I have many friends and parishioners who have tried to take their own lives; and/or who have had someone close to them try (and sometimes – sadly – succeed).  And, I’ve officiated at the funeral of a young man who took his own life.   (A couple of years ago, I wrote a blog post that reflects on what I learned from that experience.)

A friend and former co-worker (and fellow student in Seminary) Karen Leslie Hernandez, recently felt led to write of her own personal suicide attempt at age 19.  I reblog it here without further comment: I am a Suicide Attempt Survivor by Karen Leslie Hernandez.

Karen and I both want you to hear and believe this message: you are not alone, even though it feels like that is the truth.  There are many, many, people out there who have gone through what you are going through, and want to help.  All you need to do is ask – ask friends, ask clergy, ask school counsellors.  If you don’t find the help you need at first, keep on asking, and you will find a way back from the abyss.  There can be hope again, and you do have choices that will not afflict those you love with that deeply hidden and never-ending pain and sense of loss and guilt that you would be leaving behind.

If you don’t know where to begin in helping yourself or one whom you love, start with the suicide prevention hotline’s website (http://www.suicidepreventionlifeline.org), or call them at 1-800-273-TALK (8255).  Trained counsellors in your local area are available (through this phone number) 24 hours a day.

Choose life – most especially for you, but also for those you love.

– Pastor Allen

A Light in the Darkest of Times

We all go through dark times in our lives, times when our own prayers; and even the assurances, encouragements and prayers of others; seem futile and useless. If anything, such attempts are painful and bitter proof that human effort is always futile in the end. And yet, the darkness we see all around us is not really the issue. It is the darkness within us that we are really battling…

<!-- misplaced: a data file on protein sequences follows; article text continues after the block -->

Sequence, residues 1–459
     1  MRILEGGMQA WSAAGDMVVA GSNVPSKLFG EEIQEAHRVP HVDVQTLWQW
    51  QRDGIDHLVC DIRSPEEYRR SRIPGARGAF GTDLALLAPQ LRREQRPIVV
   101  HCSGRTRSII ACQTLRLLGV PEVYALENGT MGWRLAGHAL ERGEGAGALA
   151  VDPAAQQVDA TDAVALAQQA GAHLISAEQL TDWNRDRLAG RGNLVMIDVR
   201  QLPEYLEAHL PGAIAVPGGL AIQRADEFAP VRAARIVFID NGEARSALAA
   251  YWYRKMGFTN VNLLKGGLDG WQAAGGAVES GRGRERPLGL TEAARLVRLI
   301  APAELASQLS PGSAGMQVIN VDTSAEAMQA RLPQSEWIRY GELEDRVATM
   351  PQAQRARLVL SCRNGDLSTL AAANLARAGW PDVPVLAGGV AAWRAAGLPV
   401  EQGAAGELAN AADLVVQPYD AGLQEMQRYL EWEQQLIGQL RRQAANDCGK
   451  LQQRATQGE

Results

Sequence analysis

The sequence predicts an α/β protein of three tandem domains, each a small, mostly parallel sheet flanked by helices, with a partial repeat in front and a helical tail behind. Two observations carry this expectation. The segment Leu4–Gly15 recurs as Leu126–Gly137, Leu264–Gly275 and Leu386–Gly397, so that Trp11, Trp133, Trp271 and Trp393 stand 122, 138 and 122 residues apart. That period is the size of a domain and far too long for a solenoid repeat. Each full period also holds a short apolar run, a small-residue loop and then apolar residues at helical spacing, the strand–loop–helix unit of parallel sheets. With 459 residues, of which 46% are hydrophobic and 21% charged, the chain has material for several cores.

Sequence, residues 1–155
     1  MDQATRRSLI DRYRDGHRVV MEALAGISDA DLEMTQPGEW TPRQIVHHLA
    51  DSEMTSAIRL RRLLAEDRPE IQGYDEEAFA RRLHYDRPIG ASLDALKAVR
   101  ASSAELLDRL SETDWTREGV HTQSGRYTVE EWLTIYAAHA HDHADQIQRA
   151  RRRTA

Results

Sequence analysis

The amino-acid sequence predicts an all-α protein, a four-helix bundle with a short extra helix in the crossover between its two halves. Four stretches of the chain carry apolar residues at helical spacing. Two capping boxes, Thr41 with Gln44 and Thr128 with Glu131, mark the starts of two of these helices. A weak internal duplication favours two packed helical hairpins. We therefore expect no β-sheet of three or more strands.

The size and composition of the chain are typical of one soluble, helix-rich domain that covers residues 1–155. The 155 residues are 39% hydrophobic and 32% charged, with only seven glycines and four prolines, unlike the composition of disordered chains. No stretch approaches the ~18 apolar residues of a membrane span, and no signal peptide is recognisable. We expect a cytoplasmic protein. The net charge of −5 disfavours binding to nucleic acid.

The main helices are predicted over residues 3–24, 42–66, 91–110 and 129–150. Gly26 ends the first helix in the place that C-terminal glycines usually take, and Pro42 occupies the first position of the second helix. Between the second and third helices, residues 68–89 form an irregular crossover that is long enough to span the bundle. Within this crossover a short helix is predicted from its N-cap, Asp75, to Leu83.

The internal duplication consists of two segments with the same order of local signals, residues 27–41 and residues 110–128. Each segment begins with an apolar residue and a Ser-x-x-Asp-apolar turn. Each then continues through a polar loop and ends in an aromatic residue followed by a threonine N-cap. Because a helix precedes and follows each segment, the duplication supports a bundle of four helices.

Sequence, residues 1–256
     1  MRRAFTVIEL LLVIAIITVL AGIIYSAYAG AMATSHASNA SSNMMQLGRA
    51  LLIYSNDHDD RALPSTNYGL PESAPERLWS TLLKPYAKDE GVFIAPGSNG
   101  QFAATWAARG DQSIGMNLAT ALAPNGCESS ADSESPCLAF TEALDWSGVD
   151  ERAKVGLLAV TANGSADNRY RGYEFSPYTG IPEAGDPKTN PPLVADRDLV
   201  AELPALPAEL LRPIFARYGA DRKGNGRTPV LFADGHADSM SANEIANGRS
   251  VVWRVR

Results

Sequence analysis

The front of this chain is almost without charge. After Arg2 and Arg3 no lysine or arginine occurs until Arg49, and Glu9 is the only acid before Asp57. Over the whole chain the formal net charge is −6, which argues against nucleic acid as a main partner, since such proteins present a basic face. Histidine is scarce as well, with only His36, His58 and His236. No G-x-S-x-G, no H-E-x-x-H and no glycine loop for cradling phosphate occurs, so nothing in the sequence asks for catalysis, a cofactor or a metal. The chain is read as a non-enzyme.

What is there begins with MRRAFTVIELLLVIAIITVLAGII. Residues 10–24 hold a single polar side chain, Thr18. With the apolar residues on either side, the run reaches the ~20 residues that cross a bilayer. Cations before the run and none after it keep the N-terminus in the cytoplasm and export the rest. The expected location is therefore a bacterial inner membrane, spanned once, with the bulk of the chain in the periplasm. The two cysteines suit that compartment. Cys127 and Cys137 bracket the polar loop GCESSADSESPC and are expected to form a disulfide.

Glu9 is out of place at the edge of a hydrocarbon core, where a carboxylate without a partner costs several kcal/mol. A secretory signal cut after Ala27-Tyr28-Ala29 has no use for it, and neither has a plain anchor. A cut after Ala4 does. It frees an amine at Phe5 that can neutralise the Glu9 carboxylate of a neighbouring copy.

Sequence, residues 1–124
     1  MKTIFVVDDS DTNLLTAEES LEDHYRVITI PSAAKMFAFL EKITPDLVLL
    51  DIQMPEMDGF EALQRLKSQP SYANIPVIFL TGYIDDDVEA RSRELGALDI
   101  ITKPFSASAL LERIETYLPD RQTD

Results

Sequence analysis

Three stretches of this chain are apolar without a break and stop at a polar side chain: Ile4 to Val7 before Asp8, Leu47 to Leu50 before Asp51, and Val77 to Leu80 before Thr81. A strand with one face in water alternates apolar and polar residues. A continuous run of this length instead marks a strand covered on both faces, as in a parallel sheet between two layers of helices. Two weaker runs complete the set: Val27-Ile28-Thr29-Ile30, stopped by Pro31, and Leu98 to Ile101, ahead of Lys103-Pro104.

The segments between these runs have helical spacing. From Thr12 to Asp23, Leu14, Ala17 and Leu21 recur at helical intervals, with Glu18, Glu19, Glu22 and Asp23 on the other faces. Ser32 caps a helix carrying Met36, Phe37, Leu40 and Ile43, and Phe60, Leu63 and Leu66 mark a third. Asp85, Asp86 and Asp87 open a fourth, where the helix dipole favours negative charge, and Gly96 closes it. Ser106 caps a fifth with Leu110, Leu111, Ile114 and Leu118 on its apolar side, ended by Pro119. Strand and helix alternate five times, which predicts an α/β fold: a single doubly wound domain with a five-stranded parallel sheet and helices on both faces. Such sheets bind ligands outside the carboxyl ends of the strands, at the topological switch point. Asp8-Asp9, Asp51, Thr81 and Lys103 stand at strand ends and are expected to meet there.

rays-of-light-shining-throug-dark-cloudsThese short and gloomy days and long dark nights of winter are a hard time, often made harder and darker by the challenges we face.

We all go through dark times in our lives, times when our own prayers; and even the assurances, encouragements and prayers of others; seem futile and useless. If anything, such attempts are painful and bitter proof that human effort is always futile in the end.

In such times all we see is darkness ahead of us, behind us, and all around us. We are convinced the end is near and inescapable. We know that all we are, all we do, and all we aspire to be, is nothing in the face of the insurmountable challenges confronting us. We have no hope. No one can change the darkness that is inexorably consuming us.

And yet, the darkness we see all around us is not really the issue. It is the darkness within us that we are really battling: it feeds on the loss of hope within our spirits; and on our endless self-castigation for missed opportunities, for past sins, and for our separation from those whom we love.

One of the lectionary readings for this coming Sunday is from Psalm 62, which repeats the following sentence twice: “[God] alone is my rock and my salvation, my fortress; I shall never be shaken.” It is a Psalm written by someone just like us. All they had left was God, and their faith. And yet in such times of darkness, even our faith seems insufficient to dispel the darkness we see all around us.

Darkness blinds us to our God who, in the first chapter of Genesis, CREATED the light – a point emphasized in the first few verses of the Gospel of John as well: “In the beginning was the Word, and the Word was with God, and the Word was God. He was in the beginning with God. All things came into being through him, and without him not one thing came into being. What has come into being in him was life, and the life was the light of all people. The light shines in the darkness, and the darkness did not overcome it.”

We cannot overcome the darkness on our own; but no matter how dark it is around us, God is there. No matter how dark it is within us, God is there. The Holy Spirit is the “light of all people” – a light within us. It shines no matter how dark things may seem, and the darkness cannot overcome it.

So, in these darkest of times, be certain that God is there, because God is Lord of Darkness, not just the Lord of Light; and God is the Creator of Light. God is the source of all light, light that is there even in the midst of the greatest darkness of all.

God is always with us, a light that shines no matter how hopeless, empty, and futile our personal darkness may seem. God’s Hope for us lies within God, it is not something that we can lose or forsake on our own; because it is under God’s control, and scripture assures us that God will never forget us or forsake us.

We can trust in God at all times, because God is with us for ALL time. God is our Rock and our Salvation: a refuge that will never fail.

Amen.

Copyright (c) 2015, Allen Vander Meulen III, all rights reserved.  I’m happy to share my writings with you, as long as proper credit for my authorship is given. (e.g., via a credit that gives my full name and/or provides a link back to this site – or just email me and ask!)

Sermon: The Lonely Light